If there’s a protest, you don’t want the protestor using your slides to substantiate their complaint. Customer relationship can be the reason someone would choose to team with you, you just have to be judicious in what you tell in that initial meeting.
Why This Would Be a Great Team
On your next slide, explain why you’d make a great team. You want to illustrate how each companies’ capabilities augment one another, increasing your overall win probability. Highlight any “force multipliers”, like a process you use that makes their technology more effective. Force multipliers create a sum that’s greater than the individual parts.
Keep in mind, people like to see passion because it lets them know that you’re invested in the process. So, let them know verbally that you like to win, which is why you’re approaching them.
Finally, be sure to explain why this partnership will benefit the customer. This will be the angle you use in the proposal, so be explicit.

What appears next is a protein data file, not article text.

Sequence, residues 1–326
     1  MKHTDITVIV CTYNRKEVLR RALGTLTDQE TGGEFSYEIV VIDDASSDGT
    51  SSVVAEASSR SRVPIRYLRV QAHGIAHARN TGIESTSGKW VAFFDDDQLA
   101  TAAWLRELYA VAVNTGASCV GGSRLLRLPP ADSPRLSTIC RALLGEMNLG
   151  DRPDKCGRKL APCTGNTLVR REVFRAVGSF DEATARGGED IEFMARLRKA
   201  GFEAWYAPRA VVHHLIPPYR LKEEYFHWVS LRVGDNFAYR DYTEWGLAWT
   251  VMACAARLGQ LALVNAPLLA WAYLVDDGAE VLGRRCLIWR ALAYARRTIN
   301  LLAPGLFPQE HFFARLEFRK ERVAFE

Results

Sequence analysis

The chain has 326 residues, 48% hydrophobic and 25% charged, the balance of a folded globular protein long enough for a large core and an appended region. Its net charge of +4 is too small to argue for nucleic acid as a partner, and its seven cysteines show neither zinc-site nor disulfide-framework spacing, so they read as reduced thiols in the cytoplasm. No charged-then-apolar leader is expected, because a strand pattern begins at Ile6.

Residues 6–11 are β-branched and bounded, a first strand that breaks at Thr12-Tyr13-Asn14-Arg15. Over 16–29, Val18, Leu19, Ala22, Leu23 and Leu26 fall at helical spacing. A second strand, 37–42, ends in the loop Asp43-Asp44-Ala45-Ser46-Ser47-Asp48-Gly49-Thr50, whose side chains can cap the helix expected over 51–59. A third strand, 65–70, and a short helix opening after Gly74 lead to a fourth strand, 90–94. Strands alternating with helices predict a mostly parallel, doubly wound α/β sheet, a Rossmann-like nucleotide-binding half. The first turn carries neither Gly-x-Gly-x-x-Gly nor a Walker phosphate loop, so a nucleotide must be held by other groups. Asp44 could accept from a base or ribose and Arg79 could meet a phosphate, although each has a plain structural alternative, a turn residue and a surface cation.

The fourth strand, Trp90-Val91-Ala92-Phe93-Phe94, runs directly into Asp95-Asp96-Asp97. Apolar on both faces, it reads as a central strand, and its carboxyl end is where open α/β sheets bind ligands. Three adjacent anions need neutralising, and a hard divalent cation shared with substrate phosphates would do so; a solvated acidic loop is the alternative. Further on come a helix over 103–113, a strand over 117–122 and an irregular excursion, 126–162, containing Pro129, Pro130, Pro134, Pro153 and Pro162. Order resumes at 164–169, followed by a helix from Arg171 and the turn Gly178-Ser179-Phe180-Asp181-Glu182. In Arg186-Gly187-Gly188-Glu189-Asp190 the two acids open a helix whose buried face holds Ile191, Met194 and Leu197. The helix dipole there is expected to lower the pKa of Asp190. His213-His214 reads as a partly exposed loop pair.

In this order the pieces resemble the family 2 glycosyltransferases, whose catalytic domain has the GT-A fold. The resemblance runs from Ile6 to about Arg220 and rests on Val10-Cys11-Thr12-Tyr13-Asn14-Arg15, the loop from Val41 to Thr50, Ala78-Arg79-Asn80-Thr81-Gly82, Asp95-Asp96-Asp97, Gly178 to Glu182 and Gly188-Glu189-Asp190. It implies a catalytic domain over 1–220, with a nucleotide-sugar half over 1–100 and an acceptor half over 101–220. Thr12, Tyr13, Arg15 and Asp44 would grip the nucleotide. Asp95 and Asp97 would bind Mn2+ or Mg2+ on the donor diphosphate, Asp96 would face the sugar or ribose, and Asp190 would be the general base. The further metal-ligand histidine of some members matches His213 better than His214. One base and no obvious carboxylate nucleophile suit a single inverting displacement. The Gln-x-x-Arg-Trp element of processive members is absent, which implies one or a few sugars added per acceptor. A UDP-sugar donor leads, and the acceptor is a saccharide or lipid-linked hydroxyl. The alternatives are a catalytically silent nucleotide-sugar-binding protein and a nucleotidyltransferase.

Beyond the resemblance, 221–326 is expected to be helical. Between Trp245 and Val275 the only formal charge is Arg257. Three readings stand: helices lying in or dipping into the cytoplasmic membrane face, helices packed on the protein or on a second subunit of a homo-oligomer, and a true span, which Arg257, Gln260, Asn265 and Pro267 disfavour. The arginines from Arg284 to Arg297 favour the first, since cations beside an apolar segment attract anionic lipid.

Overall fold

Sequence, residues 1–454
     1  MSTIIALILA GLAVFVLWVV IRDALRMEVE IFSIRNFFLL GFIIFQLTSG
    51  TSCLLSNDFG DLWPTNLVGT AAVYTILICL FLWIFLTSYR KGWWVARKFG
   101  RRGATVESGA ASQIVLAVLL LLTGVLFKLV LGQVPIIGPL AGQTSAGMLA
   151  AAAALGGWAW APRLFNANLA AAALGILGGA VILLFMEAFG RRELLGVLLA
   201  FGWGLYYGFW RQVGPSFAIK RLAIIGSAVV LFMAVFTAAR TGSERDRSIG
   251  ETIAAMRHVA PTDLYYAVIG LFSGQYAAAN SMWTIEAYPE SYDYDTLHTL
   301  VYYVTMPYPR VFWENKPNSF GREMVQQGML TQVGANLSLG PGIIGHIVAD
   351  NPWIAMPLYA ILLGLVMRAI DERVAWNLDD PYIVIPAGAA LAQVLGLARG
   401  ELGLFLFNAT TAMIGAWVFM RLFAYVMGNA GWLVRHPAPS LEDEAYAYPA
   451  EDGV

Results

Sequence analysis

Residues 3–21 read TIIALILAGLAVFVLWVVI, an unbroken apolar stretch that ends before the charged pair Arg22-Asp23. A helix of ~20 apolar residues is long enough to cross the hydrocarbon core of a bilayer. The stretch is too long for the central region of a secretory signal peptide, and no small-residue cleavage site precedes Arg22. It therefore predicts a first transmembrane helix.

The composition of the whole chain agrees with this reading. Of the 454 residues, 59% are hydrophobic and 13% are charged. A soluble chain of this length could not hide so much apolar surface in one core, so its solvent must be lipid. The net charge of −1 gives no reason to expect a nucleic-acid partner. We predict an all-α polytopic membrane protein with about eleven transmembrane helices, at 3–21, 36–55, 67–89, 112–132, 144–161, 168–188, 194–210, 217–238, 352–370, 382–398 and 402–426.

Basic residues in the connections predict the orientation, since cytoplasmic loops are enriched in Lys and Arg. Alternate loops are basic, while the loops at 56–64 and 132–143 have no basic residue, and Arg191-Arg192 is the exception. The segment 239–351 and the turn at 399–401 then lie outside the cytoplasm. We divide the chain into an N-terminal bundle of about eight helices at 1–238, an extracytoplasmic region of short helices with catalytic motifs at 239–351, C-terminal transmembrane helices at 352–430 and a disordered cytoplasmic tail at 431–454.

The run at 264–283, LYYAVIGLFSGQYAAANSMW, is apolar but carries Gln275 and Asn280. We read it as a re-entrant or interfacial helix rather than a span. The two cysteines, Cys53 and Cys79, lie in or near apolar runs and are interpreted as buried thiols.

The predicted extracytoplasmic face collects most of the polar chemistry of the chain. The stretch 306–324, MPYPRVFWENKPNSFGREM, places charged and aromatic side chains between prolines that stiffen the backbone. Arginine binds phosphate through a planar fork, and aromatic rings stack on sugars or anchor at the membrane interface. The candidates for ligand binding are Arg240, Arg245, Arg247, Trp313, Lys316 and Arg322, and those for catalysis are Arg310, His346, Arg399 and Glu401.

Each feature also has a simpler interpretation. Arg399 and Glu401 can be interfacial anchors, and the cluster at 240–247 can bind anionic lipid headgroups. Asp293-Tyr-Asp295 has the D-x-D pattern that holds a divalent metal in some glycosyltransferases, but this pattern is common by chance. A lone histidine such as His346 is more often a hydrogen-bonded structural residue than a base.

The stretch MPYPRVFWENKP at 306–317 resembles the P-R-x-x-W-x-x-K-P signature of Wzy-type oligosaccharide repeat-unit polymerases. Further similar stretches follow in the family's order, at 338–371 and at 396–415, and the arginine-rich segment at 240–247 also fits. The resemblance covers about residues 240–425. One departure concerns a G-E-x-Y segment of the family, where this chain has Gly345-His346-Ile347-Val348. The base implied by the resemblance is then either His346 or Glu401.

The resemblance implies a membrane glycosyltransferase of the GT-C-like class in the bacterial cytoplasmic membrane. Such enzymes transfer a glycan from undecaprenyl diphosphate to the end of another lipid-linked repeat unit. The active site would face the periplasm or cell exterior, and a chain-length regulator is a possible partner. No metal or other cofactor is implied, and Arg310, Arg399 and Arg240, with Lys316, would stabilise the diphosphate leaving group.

Resources You Can Bring to the Table
Include another slide that highlights resources that you bring to the team. Explain assets like:
- Facilities in the right location or with the right infrastructure
- Sources of funding
- High-value personnel
Your proposal development ability is another less thought of resource. If you’ve created an internal proposal team that writes outstanding proposals, consider it an asset you can leverage. If you outsource your proposal development to a team like OST, you can also present that as a company resource.
Your final slide is simple: include the name of the presenter, and how your prospect can contact you. Be sure to leave yourself a little time at the end as a buffer as your prospective teammate may have questions.